Additionally, investors that choose to take advantage of this benefit by filing Form I-829 would be required to travel to the nearest USCIS Application Support Center (ASC) for the collection of biometrics. While travel times and distances will vary, DHS estimates the average round-trip to an ASC will be 20 miles, and that the average time for that trip will be an hour. It will take an average of one hour for an applicant to wait for service, and to have his or her biometrics collected, for a total of compliance time of 2 hours. According to the Bureau of Labor Statistics, the 2009 average hourly wage for all occupations was $20.90, which results in $29.89 per hour in burdened wages.[10] Using a fully burdened wage rate of $29.89 per hour, USCIS calculates the opportunity cost of complying with the biometric collection to be $59.78. The opportunity costs associated with providing biometrics and completing Forms I-829 and the Supplement for all 581 investors under the second determination stage would total $109,460.[11] Investors seeking to benefit under the two-year extension provision would not have their fees waived for Form I-829. The current fees for Form I-829 and biometrics collection are $3,750 and $85, respectively. Thus, if all alien investors were to avail themselves of the benefits associated with the two-year extension, this rule would impose over $2.2 million in fees.[12]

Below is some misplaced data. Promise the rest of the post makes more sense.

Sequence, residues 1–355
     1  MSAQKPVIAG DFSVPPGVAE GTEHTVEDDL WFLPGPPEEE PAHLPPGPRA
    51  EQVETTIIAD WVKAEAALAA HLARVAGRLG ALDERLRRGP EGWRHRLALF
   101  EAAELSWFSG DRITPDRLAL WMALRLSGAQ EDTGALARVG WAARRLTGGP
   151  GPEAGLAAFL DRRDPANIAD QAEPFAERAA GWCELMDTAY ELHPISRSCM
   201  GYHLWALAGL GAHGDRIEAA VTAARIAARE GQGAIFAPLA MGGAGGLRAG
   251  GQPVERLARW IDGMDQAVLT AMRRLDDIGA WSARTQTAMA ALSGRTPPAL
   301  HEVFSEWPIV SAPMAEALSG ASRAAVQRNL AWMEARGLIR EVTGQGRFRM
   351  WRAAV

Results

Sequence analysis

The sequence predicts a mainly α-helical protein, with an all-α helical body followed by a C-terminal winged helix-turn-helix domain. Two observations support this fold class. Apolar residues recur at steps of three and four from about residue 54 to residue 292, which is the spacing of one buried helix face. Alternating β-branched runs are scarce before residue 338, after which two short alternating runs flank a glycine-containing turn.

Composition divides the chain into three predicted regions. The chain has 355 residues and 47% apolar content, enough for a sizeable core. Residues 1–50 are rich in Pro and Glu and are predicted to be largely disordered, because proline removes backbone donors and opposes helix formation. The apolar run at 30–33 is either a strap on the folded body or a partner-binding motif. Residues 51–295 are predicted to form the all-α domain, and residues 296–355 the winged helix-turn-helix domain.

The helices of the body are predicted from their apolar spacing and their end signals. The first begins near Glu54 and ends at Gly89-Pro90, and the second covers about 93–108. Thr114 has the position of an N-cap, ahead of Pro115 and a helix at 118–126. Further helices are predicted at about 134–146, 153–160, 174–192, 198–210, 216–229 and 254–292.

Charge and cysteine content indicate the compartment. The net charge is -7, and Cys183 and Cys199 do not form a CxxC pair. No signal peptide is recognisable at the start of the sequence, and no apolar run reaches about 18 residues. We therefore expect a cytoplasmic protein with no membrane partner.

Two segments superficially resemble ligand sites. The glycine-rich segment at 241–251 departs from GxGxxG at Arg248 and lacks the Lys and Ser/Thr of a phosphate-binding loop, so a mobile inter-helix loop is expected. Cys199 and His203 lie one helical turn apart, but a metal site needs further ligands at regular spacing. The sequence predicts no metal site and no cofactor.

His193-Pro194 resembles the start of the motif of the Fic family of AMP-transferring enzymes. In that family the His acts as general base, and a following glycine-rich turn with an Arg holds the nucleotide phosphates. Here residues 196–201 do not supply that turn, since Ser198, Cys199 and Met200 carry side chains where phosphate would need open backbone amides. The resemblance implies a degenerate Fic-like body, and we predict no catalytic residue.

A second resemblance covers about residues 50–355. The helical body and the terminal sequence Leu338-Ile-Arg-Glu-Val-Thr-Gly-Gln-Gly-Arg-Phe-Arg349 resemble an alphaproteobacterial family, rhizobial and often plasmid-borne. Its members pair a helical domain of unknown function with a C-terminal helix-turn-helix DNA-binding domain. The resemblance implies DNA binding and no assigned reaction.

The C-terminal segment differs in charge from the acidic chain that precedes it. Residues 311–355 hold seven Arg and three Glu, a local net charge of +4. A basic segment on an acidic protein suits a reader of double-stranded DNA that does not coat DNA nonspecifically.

Under the highest-cost scenario, where all 581 investors covered under section 11031 would have to undergo both the initial and secondary determination to have their conditions on permanent residence removed, the total opportunity cost imposed by this rule is $128,528. Additionally, the rule would impose over $2.2 million in fees, under the highest-cost scenario.

Section 11032 of Public Law 107-273 also provides benefits for certain individuals and their qualifying family members who applied for admission or adjustment of status on an EB-5 visa prior to the enactment of the legislation. Start Printed Page 59944Principal alien investors and qualifying family members seeking to benefit under section 11032 would be required to complete a new Application to Register Permanent Residence or Adjust Status, Form I-485, even though many of these aliens will have previously completed a Form I-485. Additionally, these covered principal aliens and family members would be required to submit biometric information.[13] DHS estimates 109 aliens would be covered under this provision; 31 principal aliens and approximately 78 dependent family members.[14]